Use the following guidelines when choosing a keyboard:
The position of the primary alphanumeric keys is standard on all keyboards other than those that use the oddball Dvorak layout. What varies, sometimes dramatically, is the placement, size, and shape of other keys, such as the shift keys (Shift, Ctrl, and Alt), the function keys (which may be arrayed across the top, down the left side, or both), and the cursor control and numeric keypad keys. If you are used to a particular layout, purchasing a keyboard with a similar layout makes it much easier to adapt to the new keyboard.
Keyboards vary both in obvious ways?layout, size, and form?and in subtle ways?key spacing, angle, dishing, travel, pressure required, and tactile feedback. People's sensitivity to these differences varies. Some are keyboard agnostics who can sit down in front of a new keyboard and, regardless of layout or tactile response, be up to speed in a few minutes. Others have strong preferences about layout and feel. If you've never met a keyboard you didn't like, you can disregard these issues and choose a keyboard based on other factors. If love and hate are words you apply to keyboards, use an identical keyboard for at least an hour before you buy one for yourself.
Some keyboards provide dedicated and/or programmable function keys to automate such things as firing up your browser or email client or to allow you to define custom macros that can be invoked with a single keystroke. These functions are typically not built into the keyboard itself, but require loading a driver. To take advantage of these functions, make sure a driver is available for the OS you use.
Although it sounds trivial, the weight of a keyboard can be a significant issue for some people. The lightest keyboard we've seen weighed just over 1 lb., and the heaviest was nearly 8 lbs. If your keyboard stays on your desktop, a heavy keyboard is less likely to slide around. Conversely, a very heavy keyboard may be uncomfortable for someone who works with the keyboard in his lap.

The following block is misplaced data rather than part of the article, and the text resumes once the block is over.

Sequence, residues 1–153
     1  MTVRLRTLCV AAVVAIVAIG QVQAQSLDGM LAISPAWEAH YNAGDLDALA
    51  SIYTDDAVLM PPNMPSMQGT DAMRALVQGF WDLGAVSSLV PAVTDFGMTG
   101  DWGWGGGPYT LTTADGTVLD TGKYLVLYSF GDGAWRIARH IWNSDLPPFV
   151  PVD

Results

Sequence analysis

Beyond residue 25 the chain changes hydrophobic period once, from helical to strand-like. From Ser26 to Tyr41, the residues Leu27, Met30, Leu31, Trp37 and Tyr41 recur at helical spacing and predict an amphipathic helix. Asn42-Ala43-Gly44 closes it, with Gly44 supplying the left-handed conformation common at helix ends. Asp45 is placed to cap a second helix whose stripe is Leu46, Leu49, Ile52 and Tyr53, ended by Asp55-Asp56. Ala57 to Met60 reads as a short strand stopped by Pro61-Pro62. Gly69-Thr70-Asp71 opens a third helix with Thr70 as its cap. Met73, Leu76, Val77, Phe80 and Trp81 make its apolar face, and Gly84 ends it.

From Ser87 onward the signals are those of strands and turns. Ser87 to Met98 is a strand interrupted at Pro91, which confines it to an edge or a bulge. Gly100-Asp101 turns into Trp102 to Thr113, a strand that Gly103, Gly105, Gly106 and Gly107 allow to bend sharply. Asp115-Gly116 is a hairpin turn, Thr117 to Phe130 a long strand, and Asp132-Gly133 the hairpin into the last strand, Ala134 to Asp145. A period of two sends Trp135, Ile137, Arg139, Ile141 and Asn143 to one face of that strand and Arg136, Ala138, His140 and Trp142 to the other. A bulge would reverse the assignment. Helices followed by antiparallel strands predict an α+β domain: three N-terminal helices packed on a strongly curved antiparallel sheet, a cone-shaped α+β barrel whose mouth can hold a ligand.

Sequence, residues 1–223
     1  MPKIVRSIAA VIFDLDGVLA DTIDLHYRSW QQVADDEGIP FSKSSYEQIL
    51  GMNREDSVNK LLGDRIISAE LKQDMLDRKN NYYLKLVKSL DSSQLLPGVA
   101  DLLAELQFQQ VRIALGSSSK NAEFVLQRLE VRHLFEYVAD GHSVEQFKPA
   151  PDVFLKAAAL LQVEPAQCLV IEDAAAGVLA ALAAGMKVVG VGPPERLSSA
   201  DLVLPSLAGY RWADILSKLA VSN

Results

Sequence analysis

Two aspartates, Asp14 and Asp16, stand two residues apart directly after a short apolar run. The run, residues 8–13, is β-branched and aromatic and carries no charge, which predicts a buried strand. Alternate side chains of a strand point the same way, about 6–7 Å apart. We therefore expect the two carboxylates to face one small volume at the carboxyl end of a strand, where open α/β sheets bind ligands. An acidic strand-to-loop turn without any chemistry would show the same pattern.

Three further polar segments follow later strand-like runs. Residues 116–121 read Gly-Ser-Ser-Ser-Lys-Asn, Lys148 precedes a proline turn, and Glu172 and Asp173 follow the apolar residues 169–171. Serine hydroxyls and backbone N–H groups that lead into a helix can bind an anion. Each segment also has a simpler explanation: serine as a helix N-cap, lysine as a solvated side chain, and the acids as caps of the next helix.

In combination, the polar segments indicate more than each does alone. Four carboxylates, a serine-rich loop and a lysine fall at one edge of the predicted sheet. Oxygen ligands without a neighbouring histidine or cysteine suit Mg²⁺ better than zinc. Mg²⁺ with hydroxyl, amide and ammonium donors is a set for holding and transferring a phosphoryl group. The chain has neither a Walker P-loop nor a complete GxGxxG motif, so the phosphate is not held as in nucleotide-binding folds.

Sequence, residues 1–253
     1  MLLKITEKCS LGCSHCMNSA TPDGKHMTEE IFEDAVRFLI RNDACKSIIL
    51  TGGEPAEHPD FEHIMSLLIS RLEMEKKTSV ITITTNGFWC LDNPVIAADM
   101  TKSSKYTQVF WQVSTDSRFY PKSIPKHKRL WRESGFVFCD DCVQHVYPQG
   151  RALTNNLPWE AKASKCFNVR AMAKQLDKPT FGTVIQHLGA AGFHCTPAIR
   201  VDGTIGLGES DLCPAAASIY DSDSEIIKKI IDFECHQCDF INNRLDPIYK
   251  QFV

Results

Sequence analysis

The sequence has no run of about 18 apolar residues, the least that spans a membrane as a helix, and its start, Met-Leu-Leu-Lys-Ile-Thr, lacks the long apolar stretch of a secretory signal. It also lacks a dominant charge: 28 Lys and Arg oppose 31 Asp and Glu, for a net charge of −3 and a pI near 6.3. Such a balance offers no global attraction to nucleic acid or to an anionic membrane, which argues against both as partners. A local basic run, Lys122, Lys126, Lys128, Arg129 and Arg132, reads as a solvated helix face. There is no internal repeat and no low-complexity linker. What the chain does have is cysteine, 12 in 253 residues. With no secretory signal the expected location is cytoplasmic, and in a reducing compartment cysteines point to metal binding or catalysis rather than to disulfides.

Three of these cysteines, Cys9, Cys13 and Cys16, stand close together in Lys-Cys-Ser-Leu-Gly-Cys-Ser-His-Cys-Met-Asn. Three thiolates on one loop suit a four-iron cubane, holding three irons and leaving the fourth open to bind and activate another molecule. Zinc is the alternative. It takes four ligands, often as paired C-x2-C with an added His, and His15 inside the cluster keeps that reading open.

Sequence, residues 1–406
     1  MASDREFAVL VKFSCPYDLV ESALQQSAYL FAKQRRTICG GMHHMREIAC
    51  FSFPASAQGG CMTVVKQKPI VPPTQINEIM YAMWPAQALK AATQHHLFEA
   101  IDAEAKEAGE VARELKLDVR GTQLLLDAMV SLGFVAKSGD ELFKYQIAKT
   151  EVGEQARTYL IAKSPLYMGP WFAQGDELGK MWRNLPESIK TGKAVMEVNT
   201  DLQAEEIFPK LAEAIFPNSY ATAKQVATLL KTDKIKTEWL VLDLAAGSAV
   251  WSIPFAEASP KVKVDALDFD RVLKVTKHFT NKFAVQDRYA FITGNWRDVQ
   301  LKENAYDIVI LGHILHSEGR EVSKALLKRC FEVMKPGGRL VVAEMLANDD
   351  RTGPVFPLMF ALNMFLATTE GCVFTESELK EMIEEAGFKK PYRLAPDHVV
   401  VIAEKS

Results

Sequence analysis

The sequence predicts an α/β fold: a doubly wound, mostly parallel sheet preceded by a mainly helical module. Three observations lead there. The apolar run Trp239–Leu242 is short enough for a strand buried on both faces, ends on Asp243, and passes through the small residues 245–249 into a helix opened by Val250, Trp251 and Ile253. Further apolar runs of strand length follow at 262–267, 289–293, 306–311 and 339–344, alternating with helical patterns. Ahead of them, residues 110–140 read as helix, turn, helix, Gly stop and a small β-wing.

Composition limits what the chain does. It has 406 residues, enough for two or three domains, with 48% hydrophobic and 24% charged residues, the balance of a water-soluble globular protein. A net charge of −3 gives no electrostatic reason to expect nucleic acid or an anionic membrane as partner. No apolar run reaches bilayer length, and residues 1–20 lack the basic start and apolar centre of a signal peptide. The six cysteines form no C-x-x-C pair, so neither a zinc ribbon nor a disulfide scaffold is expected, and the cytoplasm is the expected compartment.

Keyboards are low-margin products. As a means to differentiate their products and increase margins, some manufacturers produce keyboards with speakers, scanners, and other entirely unrelated functions built in. These functions are often clumsy to use, are fragile, and have limited features. If you want speakers or a scanner, buy speakers or a scanner. Don't get a keyboard with them built in.
Various manufacturers make wireless keyboards, which are ideal for presentations and TV-based web browsing. Wireless keyboards include a separate receiver module that connects to a USB port or the PS/2 keyboard port on the PC. The keyboard and receiver communicate using either radio frequency (RF) or infrared (IR). IR keyboards require direct line-of-sight between the keyboard and receiver, while RF keyboards do not. Most IR keyboards and many RF keyboards provide very limited range?as little as 5 feet or so? which limits their utility to working around a desk without cables tangling. Some RF keyboards and a few IR keyboards use higher power to provide longer range, up to 50 feet or more. These are often quite expensive and provide relatively short battery life. Whichever type of wireless keyboard you get, make sure it uses standard (AA/AAA/9V) alkaline or NiMH batteries rather than a proprietary NiCd battery pack, which is subject to the infamous NiCd memory effect whereby NiCd batteries soon begin to lose the ability to hold a charge.